We are long overdue for an update on cannabis in the Land of Lincoln, so here’s a quick roundup.
Paucity of patients: Illinois’ medical marijuana program was designed to be one of the most restrictive in the country, and now, two years into the program, it is clear that our legislators have made good on that promise. At the beginning of January, the Department of Public Heath reported that approximately 4,000 Illinois patients have been approved for a medical cannabis card. In November and December combined, the Health Department approved only 700 patients, which is discouraging because many had hoped that enrollment would spike after medical cannabis sales started on November 9.
As we’ve noted before, the major problem with Illinois’ medical cannabis program is that its list of qualifying conditions does not include chronic pain, which is what qualifies the vast majority of card holders in medical cannabis states. When we commented in June 2014 on Crain’s estimate that 75,000 to 100,000 patients would apply in the first year of the program, we were skeptical, but still optimistic. The real numbers are just a fraction of that: approximately 5,200 prospective patients have completed applications since September 2014. It is now clear that the lack of patients is rendering Illinois’s medical marijuana program downright dysfunctional. Just last week High Times reported that Illinois dispensary owners worry they may face bankruptcy unless they get more patients, and fast. (Of course, federal bankruptcy is not available to businesses dealing in cannabis; read here and here.) Forbes just published a similar doomsday piece. We don’t like to be Debbie Downers, but it’s getting increasingly difficult to stay optimistic about the marijuana industry in Illinois.
New Qualifying Conditions: Back in September we expressed our profound disappointment at the news that the head of the Department of Health (part of the not-very-cannabis-friendly Rauner administration that took office a year ago) would not be approving any of the eleven new conditions recommended by the Medical Cannabis Advisory Board for inclusion on Illinois’ list of qualifying conditions. This meant that patients suffering from osteoarthritis, migraines, and PTSD, among others, would have to go without legal cannabis.
But the statutorily-prescribed process for adding new conditions grinds on, Rauner’s apparent opposition notwithstanding. The Advisory Board is required to review requests to add conditions twice yearly, and is accepting petitions through the end of January. Meanwhile, the Department of Health’s final decision on the last round of petitions (many of the same medical conditions that were rejected in September) is due any day. When IDOH said no in September, Rauner issued his own statement, saying that the program was still too young to “evaluate” or “expand,” which, as we pointed out, was not a valid criterion for rejecting additional qualifying conditions. Now, four months later, sales have finally started, but the “industry” is so weak it’s hard to imagine the Governor taking a different view now.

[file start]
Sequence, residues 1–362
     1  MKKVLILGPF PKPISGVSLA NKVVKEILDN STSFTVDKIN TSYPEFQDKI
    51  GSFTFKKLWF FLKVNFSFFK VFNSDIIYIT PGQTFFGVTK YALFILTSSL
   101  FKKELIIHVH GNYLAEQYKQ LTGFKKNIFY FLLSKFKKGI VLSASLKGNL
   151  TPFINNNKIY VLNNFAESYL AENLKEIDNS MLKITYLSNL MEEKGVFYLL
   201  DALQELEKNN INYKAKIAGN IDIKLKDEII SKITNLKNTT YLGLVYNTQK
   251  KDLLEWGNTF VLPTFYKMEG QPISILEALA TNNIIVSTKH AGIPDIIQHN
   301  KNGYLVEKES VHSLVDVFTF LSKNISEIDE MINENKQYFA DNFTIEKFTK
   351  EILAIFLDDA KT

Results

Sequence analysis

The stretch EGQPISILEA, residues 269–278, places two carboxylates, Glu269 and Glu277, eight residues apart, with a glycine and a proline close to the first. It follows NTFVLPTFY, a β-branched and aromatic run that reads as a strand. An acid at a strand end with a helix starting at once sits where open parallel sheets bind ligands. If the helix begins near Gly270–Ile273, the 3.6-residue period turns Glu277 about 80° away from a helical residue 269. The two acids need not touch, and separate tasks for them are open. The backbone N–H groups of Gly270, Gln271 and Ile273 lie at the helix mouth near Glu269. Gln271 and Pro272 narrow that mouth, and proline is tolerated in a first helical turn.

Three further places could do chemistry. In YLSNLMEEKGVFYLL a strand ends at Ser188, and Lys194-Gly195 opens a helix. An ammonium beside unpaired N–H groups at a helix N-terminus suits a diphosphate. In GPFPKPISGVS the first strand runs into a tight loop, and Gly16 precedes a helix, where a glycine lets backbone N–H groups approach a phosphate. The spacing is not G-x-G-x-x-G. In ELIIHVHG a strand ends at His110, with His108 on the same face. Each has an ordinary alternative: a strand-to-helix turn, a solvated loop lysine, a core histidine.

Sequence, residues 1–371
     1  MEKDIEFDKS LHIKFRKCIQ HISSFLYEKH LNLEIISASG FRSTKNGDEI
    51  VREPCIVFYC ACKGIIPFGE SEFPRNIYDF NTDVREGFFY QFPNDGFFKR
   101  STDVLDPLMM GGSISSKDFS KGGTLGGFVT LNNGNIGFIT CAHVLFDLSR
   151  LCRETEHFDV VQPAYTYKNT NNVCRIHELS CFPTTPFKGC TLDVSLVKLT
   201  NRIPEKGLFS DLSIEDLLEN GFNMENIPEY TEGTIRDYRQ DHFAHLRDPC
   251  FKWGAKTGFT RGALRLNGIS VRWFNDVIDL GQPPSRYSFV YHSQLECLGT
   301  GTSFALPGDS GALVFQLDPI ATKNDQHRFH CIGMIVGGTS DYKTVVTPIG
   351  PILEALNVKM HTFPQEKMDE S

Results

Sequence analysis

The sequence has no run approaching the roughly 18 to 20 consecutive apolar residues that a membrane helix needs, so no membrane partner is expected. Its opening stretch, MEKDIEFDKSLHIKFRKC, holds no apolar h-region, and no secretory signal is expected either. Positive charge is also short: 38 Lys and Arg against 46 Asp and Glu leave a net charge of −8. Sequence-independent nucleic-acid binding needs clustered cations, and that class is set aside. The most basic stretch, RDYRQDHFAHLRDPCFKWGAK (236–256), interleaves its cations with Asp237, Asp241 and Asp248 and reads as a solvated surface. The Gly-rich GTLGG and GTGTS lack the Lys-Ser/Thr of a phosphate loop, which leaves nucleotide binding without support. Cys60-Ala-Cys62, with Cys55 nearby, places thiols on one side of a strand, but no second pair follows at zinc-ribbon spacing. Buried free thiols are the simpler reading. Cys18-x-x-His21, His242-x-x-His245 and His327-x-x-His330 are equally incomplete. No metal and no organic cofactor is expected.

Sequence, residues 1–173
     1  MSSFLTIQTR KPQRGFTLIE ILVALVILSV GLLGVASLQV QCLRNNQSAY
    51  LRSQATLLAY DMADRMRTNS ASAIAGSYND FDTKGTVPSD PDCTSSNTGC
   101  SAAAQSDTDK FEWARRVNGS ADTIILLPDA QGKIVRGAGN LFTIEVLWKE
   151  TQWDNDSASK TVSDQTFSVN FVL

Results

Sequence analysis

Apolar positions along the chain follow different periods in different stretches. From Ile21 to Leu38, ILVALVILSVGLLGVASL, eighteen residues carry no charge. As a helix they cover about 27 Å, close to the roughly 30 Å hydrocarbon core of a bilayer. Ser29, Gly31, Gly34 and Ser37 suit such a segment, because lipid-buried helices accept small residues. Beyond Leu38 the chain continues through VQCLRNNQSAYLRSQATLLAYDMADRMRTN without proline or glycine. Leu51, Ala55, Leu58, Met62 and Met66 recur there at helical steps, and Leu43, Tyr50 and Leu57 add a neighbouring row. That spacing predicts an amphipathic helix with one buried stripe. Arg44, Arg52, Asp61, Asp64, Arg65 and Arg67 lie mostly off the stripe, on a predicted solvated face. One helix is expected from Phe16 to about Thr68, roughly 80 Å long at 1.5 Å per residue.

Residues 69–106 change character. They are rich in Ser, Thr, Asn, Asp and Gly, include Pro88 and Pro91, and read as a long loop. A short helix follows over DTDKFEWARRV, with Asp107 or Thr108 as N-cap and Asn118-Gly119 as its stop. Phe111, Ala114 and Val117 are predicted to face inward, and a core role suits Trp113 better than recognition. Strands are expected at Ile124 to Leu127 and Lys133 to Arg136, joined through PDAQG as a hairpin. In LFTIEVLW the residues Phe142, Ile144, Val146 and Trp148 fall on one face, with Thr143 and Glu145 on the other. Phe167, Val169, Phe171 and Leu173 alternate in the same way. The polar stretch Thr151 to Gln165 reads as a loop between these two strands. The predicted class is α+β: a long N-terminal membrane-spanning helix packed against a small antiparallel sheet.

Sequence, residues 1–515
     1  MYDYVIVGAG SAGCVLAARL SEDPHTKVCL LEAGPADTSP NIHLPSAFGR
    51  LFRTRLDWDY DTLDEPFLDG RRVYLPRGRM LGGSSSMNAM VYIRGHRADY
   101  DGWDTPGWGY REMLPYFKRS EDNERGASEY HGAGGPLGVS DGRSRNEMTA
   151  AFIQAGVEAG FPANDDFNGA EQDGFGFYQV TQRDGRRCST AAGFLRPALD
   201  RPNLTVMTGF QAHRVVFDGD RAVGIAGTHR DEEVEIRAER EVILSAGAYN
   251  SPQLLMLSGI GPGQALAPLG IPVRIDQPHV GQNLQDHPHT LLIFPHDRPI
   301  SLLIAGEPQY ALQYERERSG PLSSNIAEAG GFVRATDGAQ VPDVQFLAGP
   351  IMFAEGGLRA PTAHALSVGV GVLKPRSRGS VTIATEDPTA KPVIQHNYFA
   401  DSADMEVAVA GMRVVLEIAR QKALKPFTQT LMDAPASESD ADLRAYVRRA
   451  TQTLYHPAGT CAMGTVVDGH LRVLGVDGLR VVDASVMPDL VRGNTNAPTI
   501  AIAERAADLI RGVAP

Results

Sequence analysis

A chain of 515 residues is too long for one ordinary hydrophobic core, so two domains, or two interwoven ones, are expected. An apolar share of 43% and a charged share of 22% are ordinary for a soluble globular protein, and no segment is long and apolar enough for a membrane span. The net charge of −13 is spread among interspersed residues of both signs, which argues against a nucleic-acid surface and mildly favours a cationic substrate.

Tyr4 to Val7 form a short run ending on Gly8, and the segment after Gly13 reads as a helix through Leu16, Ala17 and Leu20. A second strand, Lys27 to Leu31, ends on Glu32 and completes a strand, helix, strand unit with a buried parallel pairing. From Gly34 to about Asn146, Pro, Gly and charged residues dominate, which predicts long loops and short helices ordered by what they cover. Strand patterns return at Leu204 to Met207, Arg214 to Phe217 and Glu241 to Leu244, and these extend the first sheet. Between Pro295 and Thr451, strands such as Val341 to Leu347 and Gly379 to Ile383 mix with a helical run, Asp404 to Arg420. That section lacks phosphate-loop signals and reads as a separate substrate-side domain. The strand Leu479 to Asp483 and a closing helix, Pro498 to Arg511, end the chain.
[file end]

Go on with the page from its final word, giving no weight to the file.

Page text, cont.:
Patients suffering from PTSD and other rejected conditions could try to sue Rauner and IDOH to try to force the issue, but the most likely outcome of such a suit would be that IDOH would issue a revised reasoning for the rejection, to which a court would likely defer. The best recourse seems to be heightened political pressure, but given that Illinois’ 2016 budget is nearly eight months overdue and Springfield has never been more dysfunctional, it seems likely this issue won’t get much attention. But who knows, maybe the Governor and IDOH will change their minds for the sake of veterans and the chronically ill to win some much-needed goodwill. We’ll be watching either way.
Reduced Possession Penalties: Last year legislators passed a bill that would have reduced small marijuana possession charges to a civil infraction, akin to a traffic ticket. Under HB218, possession of up to 15 grams of marijuana would have resulted in a fine of around $125, and such infractions would not have appeared on a person’s criminal history. HB218 also addressed DUID. Governor Rauner would not sign HB218 as drafted, issued an amendatory veto, and the bill was never passed into law. HB4357 has been introduced in the current legislative session with language essentially mirroring Rauner’s amendatory changes, has had its first reading in the House, and has now been referred to the Restorative Justice Committee. If passed, possession of up to 10 grams of cannabis would result in a fine of $100-$200. DUID is again addressed. We previously wrote of HB218’s support among law enforcement and Rauner’s expressed interest in cost-savings and criminal justice reform, so we remain hopeful this measure will become law and at least some good news on cannabis will flow from Illinois.